The Republicans of '93 don't heed lessons of '92 THE POLITICAL SCENE

JACK GERMOND & JULES WITCOVER

February 27, 1993|By JACK GERMOND & JULES WITCOVER

WASHINGTON -- The capital is filled with Republican sound and fury these days. Whether it signifies anything will depend on whether the loyal opposition has learned any of the political lessons of 1992.

One of those lessons -- most obvious in the response first to Paul Tsongas and later to Ross Perot -- is that the voters are tired of politics as usual and scapegoating. Instead, they elected in Bill Clinton a candidate who carried heavy political baggage but promised change and an activist government in approaching domestic problems.

Or, put another way, they rejected an incumbent president, George Bush, who had been enormously popular only a few months earlier. They did so because they were convinced he would not come to grips with the condition of the economy and concerns about such related questions as the weaknesses in the health care system and public education.

But so far the Republican response from Congress to the Clinton economic program has been the standard complaints of political dialogue in such situations -- that the plan has some misleading numbers, that there aren't enough details, that it won't work.

At least two of those complaints are valid up to a point. There are some tricky definitions and imaginative use of the numbers in the Clinton economic program. That is always true in the federal budget process; every president wants to make his proposals look as dramatic as possible while causing the minimum backlash by glossing over the nasty parts. It is also apparent that there are important specifics still to be advanced by the president, although the argument is far less over the specifics than the thrust of the program.

But the Republican complaint that the plan won't work sounds so much like the conventional whining of losers in Washington. And it sounds particularly hollow coming from the party that has been in power for 12 years while the federal deficit went through the roof and the health care system and the schools continued to deteriorate. The Republicans may point out, as they do, that Clinton is a "minority president" elected with only 43 percent of the vote, but it is equally valid to point out that only 38 percent of the electorate voted for the status quo.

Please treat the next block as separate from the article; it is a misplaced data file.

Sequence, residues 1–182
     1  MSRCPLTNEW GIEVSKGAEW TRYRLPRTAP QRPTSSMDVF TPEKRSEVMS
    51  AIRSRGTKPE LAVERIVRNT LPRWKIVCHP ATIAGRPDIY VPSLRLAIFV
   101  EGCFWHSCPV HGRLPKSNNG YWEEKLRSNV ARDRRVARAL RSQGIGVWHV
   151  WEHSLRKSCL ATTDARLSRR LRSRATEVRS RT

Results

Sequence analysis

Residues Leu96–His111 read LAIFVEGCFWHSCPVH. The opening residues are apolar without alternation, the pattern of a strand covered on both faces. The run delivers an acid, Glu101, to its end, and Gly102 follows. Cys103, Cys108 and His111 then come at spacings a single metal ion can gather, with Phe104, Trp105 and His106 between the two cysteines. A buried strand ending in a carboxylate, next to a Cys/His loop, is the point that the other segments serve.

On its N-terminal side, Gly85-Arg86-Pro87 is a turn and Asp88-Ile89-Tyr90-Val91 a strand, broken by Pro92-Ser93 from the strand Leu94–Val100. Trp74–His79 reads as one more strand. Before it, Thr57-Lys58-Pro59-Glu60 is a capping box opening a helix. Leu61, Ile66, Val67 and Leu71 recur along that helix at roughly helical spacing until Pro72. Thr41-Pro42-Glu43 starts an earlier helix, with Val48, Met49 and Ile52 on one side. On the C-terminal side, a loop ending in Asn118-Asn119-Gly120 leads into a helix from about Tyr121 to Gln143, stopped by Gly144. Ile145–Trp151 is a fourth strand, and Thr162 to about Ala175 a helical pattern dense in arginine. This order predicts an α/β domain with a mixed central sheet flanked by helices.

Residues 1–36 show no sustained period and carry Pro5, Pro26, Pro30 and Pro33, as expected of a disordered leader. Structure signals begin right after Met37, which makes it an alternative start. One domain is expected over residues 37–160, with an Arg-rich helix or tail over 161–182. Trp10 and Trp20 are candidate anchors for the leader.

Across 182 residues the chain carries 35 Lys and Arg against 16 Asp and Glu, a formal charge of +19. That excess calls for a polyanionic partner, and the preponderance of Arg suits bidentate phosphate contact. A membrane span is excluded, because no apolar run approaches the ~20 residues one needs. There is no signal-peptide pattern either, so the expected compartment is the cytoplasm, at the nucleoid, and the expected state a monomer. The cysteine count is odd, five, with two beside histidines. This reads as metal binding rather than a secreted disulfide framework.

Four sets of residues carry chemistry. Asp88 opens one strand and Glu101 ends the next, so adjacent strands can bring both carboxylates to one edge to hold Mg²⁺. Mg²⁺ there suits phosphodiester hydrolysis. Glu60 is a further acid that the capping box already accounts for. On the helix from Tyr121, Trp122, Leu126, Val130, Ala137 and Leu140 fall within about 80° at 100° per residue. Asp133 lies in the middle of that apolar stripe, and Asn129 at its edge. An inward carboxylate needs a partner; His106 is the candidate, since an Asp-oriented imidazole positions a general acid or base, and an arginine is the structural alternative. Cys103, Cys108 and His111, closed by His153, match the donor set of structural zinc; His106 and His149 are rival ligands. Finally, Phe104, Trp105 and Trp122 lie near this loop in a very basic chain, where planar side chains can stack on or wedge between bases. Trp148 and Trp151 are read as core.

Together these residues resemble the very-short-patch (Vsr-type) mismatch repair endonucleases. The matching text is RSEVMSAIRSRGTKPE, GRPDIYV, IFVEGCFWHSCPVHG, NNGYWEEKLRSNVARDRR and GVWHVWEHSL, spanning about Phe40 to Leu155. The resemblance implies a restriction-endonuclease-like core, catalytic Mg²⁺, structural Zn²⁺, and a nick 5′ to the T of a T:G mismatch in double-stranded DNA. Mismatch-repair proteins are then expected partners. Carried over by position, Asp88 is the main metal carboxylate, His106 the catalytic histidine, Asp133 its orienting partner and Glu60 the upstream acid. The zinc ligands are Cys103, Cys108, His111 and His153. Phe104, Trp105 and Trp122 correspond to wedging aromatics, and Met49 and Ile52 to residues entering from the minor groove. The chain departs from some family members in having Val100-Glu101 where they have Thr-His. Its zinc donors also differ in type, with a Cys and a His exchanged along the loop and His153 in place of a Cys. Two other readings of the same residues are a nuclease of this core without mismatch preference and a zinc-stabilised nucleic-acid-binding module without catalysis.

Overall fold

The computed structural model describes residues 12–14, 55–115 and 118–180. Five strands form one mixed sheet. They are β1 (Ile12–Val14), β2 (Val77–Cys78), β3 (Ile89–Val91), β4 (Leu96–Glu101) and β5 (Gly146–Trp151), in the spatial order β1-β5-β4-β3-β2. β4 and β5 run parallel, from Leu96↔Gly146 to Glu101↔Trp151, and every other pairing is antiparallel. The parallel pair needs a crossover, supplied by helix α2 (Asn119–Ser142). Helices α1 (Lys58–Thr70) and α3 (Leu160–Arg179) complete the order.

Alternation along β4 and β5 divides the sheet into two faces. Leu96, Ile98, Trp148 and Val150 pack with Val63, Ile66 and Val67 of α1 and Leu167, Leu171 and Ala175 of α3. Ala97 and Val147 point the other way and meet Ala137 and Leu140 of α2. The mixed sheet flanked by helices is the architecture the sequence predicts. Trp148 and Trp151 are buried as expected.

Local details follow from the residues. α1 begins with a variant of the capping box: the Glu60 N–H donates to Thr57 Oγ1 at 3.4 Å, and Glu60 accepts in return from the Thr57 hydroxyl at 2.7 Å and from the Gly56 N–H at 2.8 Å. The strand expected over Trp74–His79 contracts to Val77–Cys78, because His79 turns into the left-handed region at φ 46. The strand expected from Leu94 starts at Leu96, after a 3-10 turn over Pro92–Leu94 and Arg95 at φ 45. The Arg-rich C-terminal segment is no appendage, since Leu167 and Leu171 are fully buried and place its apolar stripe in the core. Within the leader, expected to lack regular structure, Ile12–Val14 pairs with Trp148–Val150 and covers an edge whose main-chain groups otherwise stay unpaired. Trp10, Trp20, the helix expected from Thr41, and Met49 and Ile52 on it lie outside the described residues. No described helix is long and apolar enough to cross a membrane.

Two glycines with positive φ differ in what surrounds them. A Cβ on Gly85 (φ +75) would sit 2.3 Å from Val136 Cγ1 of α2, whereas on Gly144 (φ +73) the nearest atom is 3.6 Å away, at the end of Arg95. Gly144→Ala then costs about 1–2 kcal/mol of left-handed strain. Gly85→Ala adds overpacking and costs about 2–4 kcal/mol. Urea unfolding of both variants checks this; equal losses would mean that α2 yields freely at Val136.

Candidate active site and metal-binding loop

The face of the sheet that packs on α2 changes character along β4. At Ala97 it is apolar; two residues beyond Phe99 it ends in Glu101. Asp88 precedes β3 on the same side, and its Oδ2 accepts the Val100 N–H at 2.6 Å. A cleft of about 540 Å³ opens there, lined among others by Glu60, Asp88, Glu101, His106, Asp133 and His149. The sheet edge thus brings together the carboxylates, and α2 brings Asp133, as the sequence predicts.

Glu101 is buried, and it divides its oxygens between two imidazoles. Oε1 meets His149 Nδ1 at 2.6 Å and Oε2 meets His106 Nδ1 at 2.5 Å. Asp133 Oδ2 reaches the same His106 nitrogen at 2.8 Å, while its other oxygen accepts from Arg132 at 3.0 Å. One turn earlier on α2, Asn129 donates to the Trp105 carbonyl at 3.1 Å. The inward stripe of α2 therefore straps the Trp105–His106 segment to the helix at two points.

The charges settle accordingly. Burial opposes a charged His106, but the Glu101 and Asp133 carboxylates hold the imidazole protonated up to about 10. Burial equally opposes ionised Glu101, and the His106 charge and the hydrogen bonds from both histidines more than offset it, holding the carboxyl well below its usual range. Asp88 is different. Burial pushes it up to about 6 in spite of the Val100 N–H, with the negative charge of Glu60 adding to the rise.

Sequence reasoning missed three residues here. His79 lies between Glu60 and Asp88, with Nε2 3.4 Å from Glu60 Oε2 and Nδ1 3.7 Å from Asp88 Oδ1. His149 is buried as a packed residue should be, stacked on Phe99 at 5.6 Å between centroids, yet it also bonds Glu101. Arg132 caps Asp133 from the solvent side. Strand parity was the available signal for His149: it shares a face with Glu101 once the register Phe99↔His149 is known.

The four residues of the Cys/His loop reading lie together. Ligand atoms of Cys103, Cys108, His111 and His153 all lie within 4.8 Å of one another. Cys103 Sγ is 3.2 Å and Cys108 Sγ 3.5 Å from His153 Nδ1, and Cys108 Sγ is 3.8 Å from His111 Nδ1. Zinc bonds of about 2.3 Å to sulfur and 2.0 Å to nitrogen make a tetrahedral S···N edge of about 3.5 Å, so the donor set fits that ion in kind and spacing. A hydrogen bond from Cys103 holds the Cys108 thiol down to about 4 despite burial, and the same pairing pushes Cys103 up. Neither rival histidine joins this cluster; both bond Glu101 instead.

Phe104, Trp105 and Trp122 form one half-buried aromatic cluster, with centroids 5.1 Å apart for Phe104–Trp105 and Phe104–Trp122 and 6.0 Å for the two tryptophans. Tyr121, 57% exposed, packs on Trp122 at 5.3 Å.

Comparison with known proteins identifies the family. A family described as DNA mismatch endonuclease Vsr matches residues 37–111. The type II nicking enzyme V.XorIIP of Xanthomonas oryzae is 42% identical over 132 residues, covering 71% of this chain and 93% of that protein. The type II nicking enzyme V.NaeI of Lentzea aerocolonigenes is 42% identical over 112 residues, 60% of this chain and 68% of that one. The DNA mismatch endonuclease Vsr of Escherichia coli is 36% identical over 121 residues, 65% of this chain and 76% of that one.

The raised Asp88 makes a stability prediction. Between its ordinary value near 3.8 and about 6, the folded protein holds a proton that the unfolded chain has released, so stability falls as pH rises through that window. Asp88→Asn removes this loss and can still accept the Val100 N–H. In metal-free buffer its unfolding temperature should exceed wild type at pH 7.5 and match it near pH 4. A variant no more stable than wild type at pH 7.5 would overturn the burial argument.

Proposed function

In political terms, the Republicans could make a more effective case by being serious about alternatives to the Clinton plan. But their problem at this point is that they are unable to agree among themselves.

There is still that hard core of supply-siders, particularly in the House, who argue that the country will grow itself out of the deficit despite all the evidence to the contrary. But there is an equally large group of Republicans, particularly in the Senate, who are persuaded that the answer lies in the most serious attack on the deficit through a combination of higher taxes and spending reductions. Their complaint is essentially that the new administration has not gone far enough in prescribing the bitter medicine, especially on the spending side.

The problem for the Republicans is compounded, moreover, by their inability to agree even on strategy -- and specifically on whether they should fight a series of actions against parts of the Clinton plan, most notably the stimulus package -- or offer a comprehensive Republican alternative.

Anyone who listened to the voices of 1992 would recognize that the latter is what the electorate would like to see. If the Republicans have a better program, they have only to put it on the table for comparison. The same could be said of Ross Perot.

But the most astute politicians in Congress realize this might be playing into Clinton's hands. If the minority is willing to put itself on record behind, let's say, serious reductions in farm subsidy programs, the White House and Democrats might be quite willing to go along because the politics would be neutralized.

This, of course, is the core of the Republican dilemma. They want to win on both the substance and the politics.

New opinion polls this week found the response to the Clinton program remaining highly positive, perhaps because the president has been conducting such an intense selling job to such a variety of constituencies over the last 10 days. There are no comparable numbers on the Republicans at this point, but you don't have to take a poll to know they are ignoring the lessons of 1992.

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